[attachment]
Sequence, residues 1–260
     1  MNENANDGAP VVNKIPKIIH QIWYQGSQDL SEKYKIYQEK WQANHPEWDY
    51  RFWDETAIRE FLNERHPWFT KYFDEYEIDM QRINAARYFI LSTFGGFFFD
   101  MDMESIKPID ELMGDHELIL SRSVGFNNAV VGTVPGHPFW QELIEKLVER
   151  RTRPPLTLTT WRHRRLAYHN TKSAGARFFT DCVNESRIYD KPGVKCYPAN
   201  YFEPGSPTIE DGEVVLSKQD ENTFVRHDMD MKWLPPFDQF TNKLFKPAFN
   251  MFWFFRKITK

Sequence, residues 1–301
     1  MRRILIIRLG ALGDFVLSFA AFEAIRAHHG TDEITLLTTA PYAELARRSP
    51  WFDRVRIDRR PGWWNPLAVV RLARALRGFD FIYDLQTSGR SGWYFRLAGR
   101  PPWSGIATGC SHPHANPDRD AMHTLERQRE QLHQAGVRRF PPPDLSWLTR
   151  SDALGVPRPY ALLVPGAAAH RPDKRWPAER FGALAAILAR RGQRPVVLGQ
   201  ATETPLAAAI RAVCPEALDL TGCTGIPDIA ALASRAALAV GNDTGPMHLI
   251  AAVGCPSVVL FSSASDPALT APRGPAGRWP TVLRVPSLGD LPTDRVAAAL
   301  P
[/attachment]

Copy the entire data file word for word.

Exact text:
Sequence, residues 1–260
     1  MNENANDGAP VVNKIPKIIH QIWYQGSQDL SEKYKIYQEK WQANHPEWDY
    51  RFWDETAIRE FLNERHPWFT KYFDEYEIDM QRINAARYFI LSTFGGFFFD
   101  MDMESIKPID ELMGDHELIL SRSVGFNNAV VGTVPGHPFW QELIEKLVER
   151  RTRPPLTLTT WRHRRLAYHN TKSAGARFFT DCVNESRIYD KPGVKCYPAN
   201  YFEPGSPTIE DGEVVLSKQD ENTFVRHDMD MKWLPPFDQF TNKLFKPAFN
   251  MFWFFRKITK

Sequence, residues 1–301
     1  MRRILIIRLG ALGDFVLSFA AFEAIRAHHG TDEITLLTTA PYAELARRSP
    51  WFDRVRIDRR PGWWNPLAVV RLARALRGFD FIYDLQTSGR SGWYFRLAGR
   101  PPWSGIATGC SHPHANPDRD AMHTLERQRE QLHQAGVRRF PPPDLSWLTR
   151  SDALGVPRPY ALLVPGAAAH RPDKRWPAER FGALAAILAR RGQRPVVLGQ
   201  ATETPLAAAI RAVCPEALDL TGCTGIPDIA ALASRAALAV GNDTGPMHLI
   251  AAVGCPSVVL FSSASDPALT APRGPAGRWP TVLRVPSLGD LPTDRVAAAL
   301  P